US8388795B2 (en) 2007-05-17 2013-03-05 The Boeing Company Nanotube-enhanced interlayers for composite structures
EP2589485A1 (en) * 2011-11-03 2013-05-08 The Boeing Company High flow edge breather and method of allowing air and volatiles to escape
US20130175740A1 (en) * 2010-09-24 2013-07-11 Toray Industries, Inc. Method for producing fiber-reinforced plastic
US8551380B2 (en) 2010-11-12 2013-10-08 The Boeing Company Method of laying up prepreg plies on contoured tools using a deformable carrier film
US8707766B2 (en) 2010-04-21 2014-04-29 The Boeing Company Leak detection in vacuum bags
US8752293B2 (en) 2007-12-07 2014-06-17 The Boeing Company Method of fabricating structures using composite modules and structures made thereby
US8900391B2 (en) 2011-06-26 2014-12-02 The Boeing Company Automated resin and fiber deposition for resin infusion
WO2014140871A3 (en) * 2013-03-13 2014-12-18 North Thin Ply Technology Llc Method for maneuvering a thin prepreg and for forming a rigid composite structure
US20140374003A1 (en) * 2012-08-31 2014-12-25 General Electric Company Methods and systems for automated ply layup for composites
US8936695B2 (en) 2007-07-28 2015-01-20 The Boeing Company Method for forming and applying composite layups having complex geometries
US9011623B2 (en) 2011-03-03 2015-04-21 Apple Inc. Composite enclosure
US9079367B2 (en) 2010-08-25 2015-07-14 University Of Delaware Systems and methods for controlling permeability in vacuum infusion processes
CN105539809A (en) * 2014-10-28 2016-05-04 哈尔滨飞机工业集团有限责任公司 Sectional honeycomb sandwich structure
US9387657B2 (en) 2010-11-12 2016-07-12 The Boeing Company Method of fabricating a curved composite structure using composite prepreg tape
US9586699B1 (en) 1999-08-16 2017-03-07 Smart Drilling And Completion, Inc. Methods and apparatus for monitoring and fixing holes in composite aircraft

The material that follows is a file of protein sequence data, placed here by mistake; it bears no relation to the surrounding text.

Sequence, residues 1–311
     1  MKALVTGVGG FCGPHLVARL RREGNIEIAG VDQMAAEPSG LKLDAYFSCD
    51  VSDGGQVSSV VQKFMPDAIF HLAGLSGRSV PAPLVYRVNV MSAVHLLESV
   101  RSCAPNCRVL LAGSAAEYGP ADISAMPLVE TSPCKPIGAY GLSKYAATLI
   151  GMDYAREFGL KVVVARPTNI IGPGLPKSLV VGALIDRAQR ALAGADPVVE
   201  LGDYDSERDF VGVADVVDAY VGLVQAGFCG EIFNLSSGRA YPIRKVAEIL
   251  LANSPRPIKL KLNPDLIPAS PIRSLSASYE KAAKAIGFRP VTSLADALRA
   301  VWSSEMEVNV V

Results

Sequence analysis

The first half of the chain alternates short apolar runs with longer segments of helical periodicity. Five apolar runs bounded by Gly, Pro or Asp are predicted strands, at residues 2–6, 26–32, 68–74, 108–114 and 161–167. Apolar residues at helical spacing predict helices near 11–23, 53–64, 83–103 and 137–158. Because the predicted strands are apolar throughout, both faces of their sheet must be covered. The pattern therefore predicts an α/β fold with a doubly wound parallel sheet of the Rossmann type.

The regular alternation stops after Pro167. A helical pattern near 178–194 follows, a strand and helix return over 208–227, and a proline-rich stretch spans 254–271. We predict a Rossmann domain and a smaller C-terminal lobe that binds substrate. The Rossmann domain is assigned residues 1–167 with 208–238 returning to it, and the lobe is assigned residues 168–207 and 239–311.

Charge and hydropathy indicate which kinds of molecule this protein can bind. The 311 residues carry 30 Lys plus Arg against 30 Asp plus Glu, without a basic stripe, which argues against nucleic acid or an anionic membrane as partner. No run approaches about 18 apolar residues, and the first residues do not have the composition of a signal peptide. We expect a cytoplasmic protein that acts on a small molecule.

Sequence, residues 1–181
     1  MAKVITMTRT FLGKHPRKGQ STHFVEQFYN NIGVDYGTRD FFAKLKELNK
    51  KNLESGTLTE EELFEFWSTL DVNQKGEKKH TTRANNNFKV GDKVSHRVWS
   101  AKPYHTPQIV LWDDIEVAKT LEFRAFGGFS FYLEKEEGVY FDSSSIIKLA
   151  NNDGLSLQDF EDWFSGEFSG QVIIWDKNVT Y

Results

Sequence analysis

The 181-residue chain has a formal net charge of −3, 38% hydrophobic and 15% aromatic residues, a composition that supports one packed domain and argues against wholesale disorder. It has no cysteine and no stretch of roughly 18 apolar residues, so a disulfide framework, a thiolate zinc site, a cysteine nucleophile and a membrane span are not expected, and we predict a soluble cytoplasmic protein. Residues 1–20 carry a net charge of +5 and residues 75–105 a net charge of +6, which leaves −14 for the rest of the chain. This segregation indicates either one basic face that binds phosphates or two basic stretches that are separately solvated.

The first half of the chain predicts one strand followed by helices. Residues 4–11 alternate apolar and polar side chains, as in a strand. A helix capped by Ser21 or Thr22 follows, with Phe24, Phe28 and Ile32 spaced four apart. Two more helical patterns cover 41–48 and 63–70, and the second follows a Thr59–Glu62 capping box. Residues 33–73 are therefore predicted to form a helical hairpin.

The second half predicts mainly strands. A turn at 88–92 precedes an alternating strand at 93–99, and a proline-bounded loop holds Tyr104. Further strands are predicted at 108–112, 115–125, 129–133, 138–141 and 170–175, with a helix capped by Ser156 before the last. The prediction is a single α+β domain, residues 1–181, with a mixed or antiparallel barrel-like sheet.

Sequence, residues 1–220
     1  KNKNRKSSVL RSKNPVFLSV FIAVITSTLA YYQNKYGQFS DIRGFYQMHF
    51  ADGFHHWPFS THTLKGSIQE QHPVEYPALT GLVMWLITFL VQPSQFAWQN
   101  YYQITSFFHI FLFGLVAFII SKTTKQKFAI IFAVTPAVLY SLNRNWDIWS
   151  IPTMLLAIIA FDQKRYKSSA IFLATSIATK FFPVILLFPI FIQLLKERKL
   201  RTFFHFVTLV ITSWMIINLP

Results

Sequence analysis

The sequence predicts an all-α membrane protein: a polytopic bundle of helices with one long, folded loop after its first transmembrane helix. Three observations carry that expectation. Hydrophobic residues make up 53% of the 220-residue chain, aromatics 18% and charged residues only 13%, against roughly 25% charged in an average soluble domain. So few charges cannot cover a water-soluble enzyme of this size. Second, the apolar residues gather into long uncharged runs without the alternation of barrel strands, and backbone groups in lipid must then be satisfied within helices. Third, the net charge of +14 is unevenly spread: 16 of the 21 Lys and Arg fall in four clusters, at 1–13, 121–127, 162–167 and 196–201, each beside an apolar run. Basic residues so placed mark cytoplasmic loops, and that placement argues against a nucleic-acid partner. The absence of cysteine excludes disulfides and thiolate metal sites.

US9593917B2 (en) 2006-09-06 2017-03-14 Polyone Corporation Composite laminate and method of manufacture
US9597848B1 (en) 2012-05-25 2017-03-21 Robertson Fuel Systems Llc Method and system for forming a self-sealing volume
US9625361B1 (en) 2001-08-19 2017-04-18 Smart Drilling And Completion, Inc. Methods and apparatus to prevent failures of fiber-reinforced composite materials under compressive stresses caused by fluids and gases invading microfractures in the materials
US9662841B2 (en) 2009-11-10 2017-05-30 Orbital Atk, Inc. Radially extending composite structures
US9701067B2 (en) 2010-11-12 2017-07-11 The Boeing Company Method of laying up prepreg plies on contoured tools using a deformable carrier film
EP3196000A1 (en) * 2015-12-01 2017-07-26 The Boeing Company Multi-planar fiber matrix tool-less preform for resin infusion
US9770871B2 (en) 2007-05-22 2017-09-26 The Boeing Company Method and apparatus for layup placement
US9802476B1 (en) 2012-05-25 2017-10-31 Robertson Fuel Systems, Llc Method and system for forming a self-sealing volume using a breather system
EP2160286B2 (en) 2007-06-29 2018-11-21 LM Wind Power A/S Method of using a formable core block for a resin impregnation process, method of forming a composite structure and composite structure obtained thereby

Citations (16)

* Cited by examiner, † Cited by third party
Publication number Priority date Publication date Assignee Title
US2951004A (en) * 1959-07-27 1960-08-30 Minnesota Mining & Mfg Bonding film
US3026228A (en) * 1957-06-12 1962-03-20 Gen Tire & Rubber Co Laminated articles reinforced with glass fibers
US3231460A (en) * 1963-03-21 1966-01-25 Raybestos Manhattan Inc Sheet material
US3666615A (en) * 1970-01-21 1972-05-30 Nitto Electric Ind Co Composite layer sheet material
US3695967A (en) * 1970-12-16 1972-10-03 Stevens & Co Inc J P Method of preparing air-permeable laminate
US3703422A (en) * 1970-01-02 1972-11-21 North American Rockwell Polyaromatic resin faced honeycomb panel and method for making same
US3723214A (en) * 1971-03-01 1973-03-27 Us Navy Method of making a steel,graphite,phenolic asbestos laminate
US3867224A (en) * 1973-12-26 1975-02-18 Goodyear Tire & Rubber Method of manufacturing scrapper belts
US3885071A (en) * 1972-08-10 1975-05-20 Lockheed Aircraft Corp Fiber-reinforced epoxy composite joints
US4065340A (en) * 1977-04-28 1977-12-27 The United States Of America As Represented By The National Aeronautics And Space Administration Composite lamination method
US4165404A (en) * 1975-09-26 1979-08-21 E. I. Du Pont De Nemours And Company Process for producing laminates of fabric and fluorocarbon copolymer
US4194618A (en) * 1969-05-08 1980-03-25 Norton Company Polyurethane adhesive composition and use thereof
US4290838A (en) * 1978-12-04 1981-09-22 General Dynamics, Pomona Division Method for vacuum lamination of flex circuits